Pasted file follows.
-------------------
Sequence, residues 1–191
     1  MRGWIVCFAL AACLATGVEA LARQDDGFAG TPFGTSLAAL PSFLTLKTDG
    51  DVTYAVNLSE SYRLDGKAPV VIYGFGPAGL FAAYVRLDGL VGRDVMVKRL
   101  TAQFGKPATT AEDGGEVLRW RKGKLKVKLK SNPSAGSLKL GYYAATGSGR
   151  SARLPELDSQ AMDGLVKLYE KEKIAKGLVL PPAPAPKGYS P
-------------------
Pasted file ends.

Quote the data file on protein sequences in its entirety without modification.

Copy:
Sequence, residues 1–191
     1  MRGWIVCFAL AACLATGVEA LARQDDGFAG TPFGTSLAAL PSFLTLKTDG
    51  DVTYAVNLSE SYRLDGKAPV VIYGFGPAGL FAAYVRLDGL VGRDVMVKRL
   101  TAQFGKPATT AEDGGEVLRW RKGKLKVKLK SNPSAGSLKL GYYAATGSGR
   151  SARLPELDSQ AMDGLVKLYE KEKIAKGLVL PPAPAPKGYS P